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Close-Up Photography vs. Macro vs. Micro Lens – How Do They Differ?

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With so many different types of photography out there, it can be a challenge trying to define exactly what you’re looking to do. If you want to make small things look big in your pictures, there are three terms that people often throw around: close-up, macro, and micro photography.

But while many people use these terms interchangeably, they don’t mean the same thing. That’s why we created this guide: to break down what each concept is, their differences, and when you want to use each option. We also give you a few basic pointers about the equipment that you need to get started in each field.

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Overview of Close-Up Photography

Close-up photography fits many different categories because there’s no specific definition for it.

Close-up photography is essentially any photography that puts the subject close to the viewer. It can be something as subtle as a headshot or something drastic, like a picture of the moon. Close-up photography covers a wide field, including macro photography.

Different Ways to Achieve Close-Up Photography

woman using camera

Image Credit: Billion Photos, Shuterstock

The most common way to achieve close-up photography is to use a zoom to take pictures of objects or people. However, that’s not the only method. You can also physically get extremely close to an object. Just know that if you get too close, the camera can’t focus and your image will end up blurry.

Advantages and Disadvantages of Close-Up Photography

hand holding a camera taking photo of the street

Image Credit: Miha Jan Strehovec, Unsplash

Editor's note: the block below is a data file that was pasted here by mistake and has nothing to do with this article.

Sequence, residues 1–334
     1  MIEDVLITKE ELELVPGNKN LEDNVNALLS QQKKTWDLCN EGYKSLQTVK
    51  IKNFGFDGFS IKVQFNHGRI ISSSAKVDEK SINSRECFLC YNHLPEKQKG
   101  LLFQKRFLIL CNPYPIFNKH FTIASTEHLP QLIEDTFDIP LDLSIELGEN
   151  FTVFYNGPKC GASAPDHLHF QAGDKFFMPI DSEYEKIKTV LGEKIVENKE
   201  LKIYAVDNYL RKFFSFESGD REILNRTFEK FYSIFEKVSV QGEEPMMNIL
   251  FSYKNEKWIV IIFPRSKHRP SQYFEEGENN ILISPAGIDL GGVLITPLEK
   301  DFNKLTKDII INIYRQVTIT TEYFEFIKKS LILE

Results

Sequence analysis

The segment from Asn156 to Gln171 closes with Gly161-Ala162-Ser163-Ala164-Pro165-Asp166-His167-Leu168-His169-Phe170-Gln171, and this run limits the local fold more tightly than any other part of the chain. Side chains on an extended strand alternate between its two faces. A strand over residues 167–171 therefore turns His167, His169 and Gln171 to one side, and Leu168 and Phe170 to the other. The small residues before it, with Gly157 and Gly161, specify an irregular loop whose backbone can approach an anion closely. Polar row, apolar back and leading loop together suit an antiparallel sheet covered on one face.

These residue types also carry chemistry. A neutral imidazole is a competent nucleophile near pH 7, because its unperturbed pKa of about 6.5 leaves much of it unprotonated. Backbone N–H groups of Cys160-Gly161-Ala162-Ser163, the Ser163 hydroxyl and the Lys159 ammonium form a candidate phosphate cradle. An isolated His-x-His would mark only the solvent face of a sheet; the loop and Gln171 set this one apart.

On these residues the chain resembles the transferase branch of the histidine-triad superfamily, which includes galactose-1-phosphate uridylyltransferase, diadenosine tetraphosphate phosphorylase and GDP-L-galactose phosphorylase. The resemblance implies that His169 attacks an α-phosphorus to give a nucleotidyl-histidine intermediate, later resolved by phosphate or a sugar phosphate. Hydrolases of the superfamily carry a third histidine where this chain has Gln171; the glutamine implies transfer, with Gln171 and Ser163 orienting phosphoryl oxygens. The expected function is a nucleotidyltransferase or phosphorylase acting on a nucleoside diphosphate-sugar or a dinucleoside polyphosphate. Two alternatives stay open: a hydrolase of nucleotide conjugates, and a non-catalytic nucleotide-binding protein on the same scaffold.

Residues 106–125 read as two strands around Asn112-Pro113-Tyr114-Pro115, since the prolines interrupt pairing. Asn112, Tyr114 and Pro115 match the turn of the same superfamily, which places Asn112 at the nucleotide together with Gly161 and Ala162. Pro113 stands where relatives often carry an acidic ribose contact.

Since there’s no set definition of “close-up” photography, it can be challenging to list the advantages and disadvantages of this type of photography.

But that in and of itself is a disadvantage. If you’re trying to get into close-up photography and want advice, there are so many different styles out there, it can be a challenge to figure out how to do it.

Of course, that acts as a perk too, since you can take it in whatever direction you want and get creative with it.

Pros
  • Easy to get into
  • Many ways to get the job done
  • You can be versatile
Cons
  • Hard to know what you’re getting
  • Wide range of results

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Overview of Macro vs. Micro Lens

While macro means big in many other fields, when it comes to photography, it means the image itself is big, which means you’re taking close-ups.

For something to fall under the macro photography tag, the image has to be at least the same size or larger than the real object.

It’s a strict definition, but it makes it a clearly definable field. You can find macro-specific lenses, though you don’t necessarily need a macro lens to take macro images.

Micro photography takes things further. For something to qualify as micro photography, the image needs to be at least 20 times larger than the actual object.

Currently, no camera lens exists that can take micro photography all on its own. So, how do you do it? You’ll need to invest in a microscope and all the attachments necessary to take photos through that eyepiece.

Micro photography is all about capturing images of the microscopic world, and while it can create cool images, it’s definitely a niche photography career field.

What Do You Need for Macro Photography?

male photographer taking photos at the lake

Image Credit: Nathan Anderson, Unsplash

If you’re looking to get into macro photography, you’ll need a DSLR or a mirrorless camera. From there, you’ll need to purchase a lens that enables you to take extreme close-up images.